How long would you say it takes to become a filmmaker?
“There seems to be a common misconception among filmmakers that only the young can become successful. While this is true among some filmmakers, and many young filmmakers may succeed, this isn’t the norm for the majority. There is a clear distinction between the time between birth and adulthood and the time required to become a filmmaker. In my mind, the time necessary to become a filmmaker is approximately three years. You have to be passionate and want to pursue your goal to make the time to become a filmmaker.
At this time, all the steps have to be taken. The first step is to begin a career as a filmmaker, whether you are planning to make films, or doing it through one of the many forms of entertainment (e.g., television, film, advertising). The best way to develop a strong passion for directing is to have a great agent, a strong manager, and an early mentor (someone who will mentor you but give you the resources and insight to be your own mentor). When I was in school, the mentors were all working in the film industry, and they were the people who would tell you what you needed to do to succeed as a filmmaker. You don’t need any of this. It’s best if you find someone who is just like you and knows what you are capable of. That’s why when you find your next mentor, you don’t just meet that person – you talk to them and ask them questions. Be patient; they may have a few ideas and maybe they will tell you something that will help. Make sure you are open to their advice. Most agents are very good at making deals for people, if you can understand business. I also have a saying: “You don’t need to learn to be a filmmaker, you need to learn to market.” Some people think they need to be an agent. Don’t fall for that. You just need to learn to be a real marketing person. And the more you understand that, the more you can stand alone with your independent films. If you don’t understand how to go about it, there are many great people out there working in film and marketing who’ll help you on that journey. ”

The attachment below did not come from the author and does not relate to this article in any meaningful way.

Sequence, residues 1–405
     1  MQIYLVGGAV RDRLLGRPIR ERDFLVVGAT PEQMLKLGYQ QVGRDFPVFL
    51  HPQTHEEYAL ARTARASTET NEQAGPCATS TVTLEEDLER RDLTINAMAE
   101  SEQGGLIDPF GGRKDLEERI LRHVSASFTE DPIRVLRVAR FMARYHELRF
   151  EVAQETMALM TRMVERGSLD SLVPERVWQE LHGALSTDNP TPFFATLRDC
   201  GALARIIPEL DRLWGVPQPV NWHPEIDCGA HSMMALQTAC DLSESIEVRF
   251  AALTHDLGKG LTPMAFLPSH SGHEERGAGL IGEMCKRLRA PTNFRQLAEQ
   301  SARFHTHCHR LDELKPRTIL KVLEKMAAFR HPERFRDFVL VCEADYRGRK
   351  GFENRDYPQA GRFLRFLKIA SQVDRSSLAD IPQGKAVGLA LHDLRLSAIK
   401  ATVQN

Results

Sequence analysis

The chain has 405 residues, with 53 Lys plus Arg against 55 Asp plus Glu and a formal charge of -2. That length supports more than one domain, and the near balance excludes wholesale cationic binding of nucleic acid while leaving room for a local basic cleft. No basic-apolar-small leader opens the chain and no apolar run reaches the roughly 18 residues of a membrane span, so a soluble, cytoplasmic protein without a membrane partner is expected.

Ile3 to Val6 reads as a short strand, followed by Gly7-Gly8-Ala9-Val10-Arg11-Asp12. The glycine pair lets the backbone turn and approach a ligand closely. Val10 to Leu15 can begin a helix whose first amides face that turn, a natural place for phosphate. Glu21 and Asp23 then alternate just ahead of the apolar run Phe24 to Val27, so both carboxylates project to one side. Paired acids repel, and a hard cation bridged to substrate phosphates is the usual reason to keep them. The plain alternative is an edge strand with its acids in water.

Why do you think we need to talk to more creatives?
Some creatives are afraid to speak up for fear of being fired. In our industry, there’s a lot of self-protection. Being a creative and speaking up or not working in film is seen
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